Many financial inventions have emerged over the history of the world, including pensions, mutual funds, bonds, life insurance, annuities, thirty-year mortgages, etc. Some have passed with no lasting impact, a number were specialized and not easily accessible to the masses, and others are so new that the jury is still out.
However, Reverse mortgages are now thirty years old. They have passed the test of time, left a lasting impact and have become easily accessible to the retirement masses. How did they begin?
They’re Older than You Think.
Equity release programs for seniors have been in existence for more than 100 years. After starting in England, they spread to numerous countries including Scotland, Ireland, China, Singapore, Australia, Indonesia, and Canada. Regardless of the location in the world you find them, the basic premise has always been the same: Help an aging population sustain a longer retirement.
Across the globe, the home served as the largest financial asset for most retirees, but the means of accessing its value to enhance retirement outcomes was limited. One option was to sell the home, take out the cash and move. The other option was the traditional home equity loan with its monthly payments. Both choices have value, but they didn’t always meet the needs of the majority of retirees. The overwhelming consensus was that most retirees want to stay in their own homes and don’t want payments in their later years.
Enter the equity release program—a way to convert the home asset into retirement income. No moving or mandatory monthly payments involved. In the United States, these programs are called reverse mortgages, and there are three types that exist today:
- Private Reverse Mortgages. These began in the United States in 1961.
- Jumbo Reverse Mortgages. These are private equity release programs for higher-value or second homes. Typically, homes that benefit most from these are worth $1.2 million or more.
- The Home Equity Conversion Mortgage (HECM). In existence since 1988, these reverse mortgages are overseen by the United States Department of Housing (HUD) and are insured by the Federal Housing Administration (FHA). Today, nearly 95 percent of all reverse mortgages are HECMs.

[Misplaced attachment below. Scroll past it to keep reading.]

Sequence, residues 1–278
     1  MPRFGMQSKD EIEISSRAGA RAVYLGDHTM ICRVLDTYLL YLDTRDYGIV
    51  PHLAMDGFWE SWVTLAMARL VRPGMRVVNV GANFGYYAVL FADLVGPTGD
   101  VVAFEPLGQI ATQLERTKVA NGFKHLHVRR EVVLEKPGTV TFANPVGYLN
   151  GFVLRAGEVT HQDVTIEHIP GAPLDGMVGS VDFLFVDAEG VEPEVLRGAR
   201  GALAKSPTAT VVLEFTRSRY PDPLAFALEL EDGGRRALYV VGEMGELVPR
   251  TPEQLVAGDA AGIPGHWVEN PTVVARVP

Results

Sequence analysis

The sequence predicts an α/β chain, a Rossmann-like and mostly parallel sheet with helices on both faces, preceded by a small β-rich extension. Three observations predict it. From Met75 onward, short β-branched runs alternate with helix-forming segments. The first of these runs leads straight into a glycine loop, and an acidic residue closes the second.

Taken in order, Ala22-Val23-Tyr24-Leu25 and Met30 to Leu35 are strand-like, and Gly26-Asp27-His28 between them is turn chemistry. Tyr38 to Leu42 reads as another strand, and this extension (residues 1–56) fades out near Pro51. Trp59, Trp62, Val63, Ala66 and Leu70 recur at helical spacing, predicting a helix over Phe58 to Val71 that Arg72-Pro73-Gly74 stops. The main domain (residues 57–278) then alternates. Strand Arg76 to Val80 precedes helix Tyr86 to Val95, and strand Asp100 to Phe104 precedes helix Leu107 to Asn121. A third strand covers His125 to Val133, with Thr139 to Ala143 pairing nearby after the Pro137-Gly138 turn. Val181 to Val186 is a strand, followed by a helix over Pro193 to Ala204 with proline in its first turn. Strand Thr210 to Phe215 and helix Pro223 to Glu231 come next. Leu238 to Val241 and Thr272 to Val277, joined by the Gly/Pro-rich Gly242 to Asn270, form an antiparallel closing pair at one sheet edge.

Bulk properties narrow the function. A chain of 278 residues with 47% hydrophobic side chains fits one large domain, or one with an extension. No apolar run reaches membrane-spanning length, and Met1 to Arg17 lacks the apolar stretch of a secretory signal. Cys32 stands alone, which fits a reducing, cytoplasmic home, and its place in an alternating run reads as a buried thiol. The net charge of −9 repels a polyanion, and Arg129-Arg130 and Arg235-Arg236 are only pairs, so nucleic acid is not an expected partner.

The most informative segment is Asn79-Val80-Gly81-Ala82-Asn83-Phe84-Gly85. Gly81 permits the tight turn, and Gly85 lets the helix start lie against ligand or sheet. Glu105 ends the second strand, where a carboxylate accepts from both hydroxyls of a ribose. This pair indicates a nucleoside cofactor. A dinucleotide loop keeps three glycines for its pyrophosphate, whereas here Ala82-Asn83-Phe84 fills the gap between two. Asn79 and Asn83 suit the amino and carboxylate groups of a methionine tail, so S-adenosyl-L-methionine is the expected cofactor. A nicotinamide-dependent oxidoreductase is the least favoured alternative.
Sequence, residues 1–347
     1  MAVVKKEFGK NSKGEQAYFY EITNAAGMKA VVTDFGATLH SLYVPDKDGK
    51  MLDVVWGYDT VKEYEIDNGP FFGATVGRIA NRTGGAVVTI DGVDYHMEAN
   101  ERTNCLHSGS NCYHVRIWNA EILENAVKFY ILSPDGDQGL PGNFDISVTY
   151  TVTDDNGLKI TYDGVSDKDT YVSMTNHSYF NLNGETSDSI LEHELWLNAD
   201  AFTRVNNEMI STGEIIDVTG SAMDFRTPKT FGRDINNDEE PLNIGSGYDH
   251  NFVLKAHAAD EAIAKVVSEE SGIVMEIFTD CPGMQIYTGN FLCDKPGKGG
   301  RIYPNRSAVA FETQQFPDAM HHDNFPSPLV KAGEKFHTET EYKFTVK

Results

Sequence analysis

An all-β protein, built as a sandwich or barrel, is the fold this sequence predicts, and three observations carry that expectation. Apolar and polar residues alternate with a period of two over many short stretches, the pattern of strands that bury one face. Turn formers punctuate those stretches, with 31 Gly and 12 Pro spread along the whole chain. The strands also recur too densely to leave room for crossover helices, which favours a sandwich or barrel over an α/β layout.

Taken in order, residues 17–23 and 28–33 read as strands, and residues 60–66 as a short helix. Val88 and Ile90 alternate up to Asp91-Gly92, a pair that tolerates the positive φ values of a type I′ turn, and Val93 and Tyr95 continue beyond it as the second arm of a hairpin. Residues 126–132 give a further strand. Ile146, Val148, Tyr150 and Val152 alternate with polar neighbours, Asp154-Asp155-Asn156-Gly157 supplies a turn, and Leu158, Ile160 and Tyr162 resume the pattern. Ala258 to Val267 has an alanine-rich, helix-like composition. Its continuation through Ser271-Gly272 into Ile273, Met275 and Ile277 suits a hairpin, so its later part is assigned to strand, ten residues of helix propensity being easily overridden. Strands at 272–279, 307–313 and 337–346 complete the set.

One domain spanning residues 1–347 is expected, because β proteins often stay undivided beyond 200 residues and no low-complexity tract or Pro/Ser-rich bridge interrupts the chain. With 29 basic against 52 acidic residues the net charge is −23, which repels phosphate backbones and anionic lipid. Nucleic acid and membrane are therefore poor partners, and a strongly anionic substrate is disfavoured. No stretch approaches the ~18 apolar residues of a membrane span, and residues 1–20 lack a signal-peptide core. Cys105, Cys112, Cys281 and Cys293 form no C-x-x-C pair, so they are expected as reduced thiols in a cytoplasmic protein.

Why Is the HECM More Important Than Ever?
You guessed it–Baby Boomers. If there’s one generation in recent history that has most dramatically changed the retirement planning game, it’s the baby boomers. They’re one of the most talked-about generations today, with a host of well-documented challenges facing them. Three overarching themes stand out in particular:
- They will live longer than previous generations.
Instead of spanning fifteen or twenty years, their retirement will last twenty-five, thirty, or even thirty-five years or more. A longer retirement necessitates additional funding; add inflation and global economic uncertainty to the mix, and you’ve got one expensive quarter century to plan for.
- They will carry more consumer debt into retirement than previous generations. Much of the boomers’ money in retirement will be tied up in debt they accumulated during their working years. Someone once said a boomer never met a credit card they didn’t like. This can be especially problematic when retirees move to a fixed income.
- They have not saved enough money to sustain their retirement needs.
This is the most talked-about fact of all: that the majority of baby boomers have not saved enough to sustain retirement income for their projected lifespan. Even an attempt to increase saving in the years leading up to retirement will not make up for the compounding interest that could have been earned over the course of their careers.
The boomer generation is struggling to prepare for retirement and will continue to do so over the next 15 years (until all in generation reach retirement age), but there is one significant, redeeming factor among the majority of Boomers.
Recent surveys say that 87% of boomers and existing retirees own their home. In addition, the U.S. Census Bureau states that the average retiring sixty-five-year-old couple will have 68% of their total wealth tied up in their home equity. For most, that nearly doubles their amount of assets.
Simply stated, the average boomer is living in their biggest asset and most significant source of their total wealth. In the context of the current savings and longevity crisis plus more than $6 trillion in accessible senior home equity, doesn’t integrating housing wealth into a retirement income plan just make sense?
Housing wealth as my friend, Dr. Sandy Timmerman, founder of the Met Life Mature Market Institute, says, “will become the Boomers’ Salvation!”
So here’s to you, Reverse Mortgages. No longer in obscurity, you have survived the test of time and your best days are yet to come. – dg